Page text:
Sun Java System Application Server Enterprise Edition 8.1 2005Q2 Performance Tuning Guide

HTTP File Cache

The Application Server uses a file cache to serve static information faster. The file cache contains information about static files such as HTML, CSS, image, or text files. Enabling the HTTP file cache will improve performance of applications that contain static files.

Set the file cache attributes in the Admin Console under Configurations > config-name > HTTP Service (HTTP File Cache).

Max Files Count

Max Files Count determines how many files are in the cache. If the value is too big, the server caches little-needed files, which wastes memory. If the value is too small, the benefit of caching is lost. Try different values of this attribute to find the optimal solution for specific applications—generally, the effects will not be great.

Hash Init Size

Hash Init Size affects memory use and search time, but rarely will have a measurable effect on performance.

Max Age

This parameter controls how long cached information is used after a file has been cached. An entry older than the maximum age is replaced by a new entry for the same file.

If your web site’s content changes infrequently, increase this value for improved performance. Set the maximum age by entering or changing the value in the Maximum Age field of the File Cache Configuration page in the web-based Admin Console for the HTTP server node and selecting the File Caching Tab.

Set the maximum age based on whether the content is updated (existing files are modified) on a regular schedule or not. For example, if content is updated four times a day at regular intervals, you could set the maximum age to 21600 seconds (6 hours). Otherwise, consider setting the maximum age to the longest time you are willing to serve the previous version of a content file after the file has been modified.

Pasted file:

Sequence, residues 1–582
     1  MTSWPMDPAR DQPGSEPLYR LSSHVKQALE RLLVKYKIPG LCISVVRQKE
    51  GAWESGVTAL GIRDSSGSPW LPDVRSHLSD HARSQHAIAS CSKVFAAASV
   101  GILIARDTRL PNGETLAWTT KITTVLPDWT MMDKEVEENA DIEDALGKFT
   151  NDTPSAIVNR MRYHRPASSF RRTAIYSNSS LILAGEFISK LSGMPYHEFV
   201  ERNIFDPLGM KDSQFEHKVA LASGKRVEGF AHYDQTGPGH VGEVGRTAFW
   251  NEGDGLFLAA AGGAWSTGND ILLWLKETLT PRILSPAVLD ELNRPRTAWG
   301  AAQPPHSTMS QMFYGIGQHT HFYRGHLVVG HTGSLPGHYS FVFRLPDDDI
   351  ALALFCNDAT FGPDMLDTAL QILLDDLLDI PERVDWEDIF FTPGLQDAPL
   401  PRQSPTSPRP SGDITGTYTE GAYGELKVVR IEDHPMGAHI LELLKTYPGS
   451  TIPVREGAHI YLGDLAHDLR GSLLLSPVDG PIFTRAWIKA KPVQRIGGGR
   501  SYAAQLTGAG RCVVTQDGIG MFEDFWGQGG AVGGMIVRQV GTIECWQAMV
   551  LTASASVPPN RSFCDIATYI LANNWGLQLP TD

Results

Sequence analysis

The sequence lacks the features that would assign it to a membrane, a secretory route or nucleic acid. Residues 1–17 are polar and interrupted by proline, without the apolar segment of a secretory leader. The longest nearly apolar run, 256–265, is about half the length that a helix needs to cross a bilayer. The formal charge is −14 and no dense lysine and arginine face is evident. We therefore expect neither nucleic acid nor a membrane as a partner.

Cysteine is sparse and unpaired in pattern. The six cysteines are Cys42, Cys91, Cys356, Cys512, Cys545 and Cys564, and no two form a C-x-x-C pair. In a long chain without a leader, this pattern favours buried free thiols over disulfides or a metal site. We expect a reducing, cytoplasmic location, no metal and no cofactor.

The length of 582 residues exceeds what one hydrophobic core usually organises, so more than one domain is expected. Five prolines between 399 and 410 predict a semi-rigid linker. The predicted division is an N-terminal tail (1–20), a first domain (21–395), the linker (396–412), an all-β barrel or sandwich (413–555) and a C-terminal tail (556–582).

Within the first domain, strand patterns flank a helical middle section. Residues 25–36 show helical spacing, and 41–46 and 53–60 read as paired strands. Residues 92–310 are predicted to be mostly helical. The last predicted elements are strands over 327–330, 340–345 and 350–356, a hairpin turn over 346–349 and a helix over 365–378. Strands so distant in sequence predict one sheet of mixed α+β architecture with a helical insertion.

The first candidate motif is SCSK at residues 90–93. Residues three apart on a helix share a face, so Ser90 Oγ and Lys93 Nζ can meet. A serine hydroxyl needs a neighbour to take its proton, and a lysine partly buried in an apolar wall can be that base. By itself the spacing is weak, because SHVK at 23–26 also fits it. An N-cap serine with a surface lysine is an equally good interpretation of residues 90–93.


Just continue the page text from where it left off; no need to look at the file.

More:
Small/Medium File Size and File Size Limit

The cache treats small, medium, and large files differently. The contents of medium files are cached by mapping the file into virtual memory (Unix/Linux platforms). The contents of small files are cached by allocating heap space and reading the file into it. The contents of large files are not cached, although information about large files is cached.

The advantage of distinguishing between small files and medium files is to avoid wasting part of many pages of virtual memory when there are lots of small files. So the Small File Size Limit is typically a slightly lower value than the VM page size.

File Transmission

When File Transmission is enabled, the server caches open file descriptors for files in the file cache, rather than the file contents. Also, the distinction normally made between small, medium, and large files no longer applies since only the open file descriptor is being cached.

By default, File Transmission is enabled on Windows, and disabled on UNIX. On UNIX, only enable File Transmission for platforms that have the requisite native OS support: HP-UX and AIX. Don’t enable it for other UNIX/Linux platforms.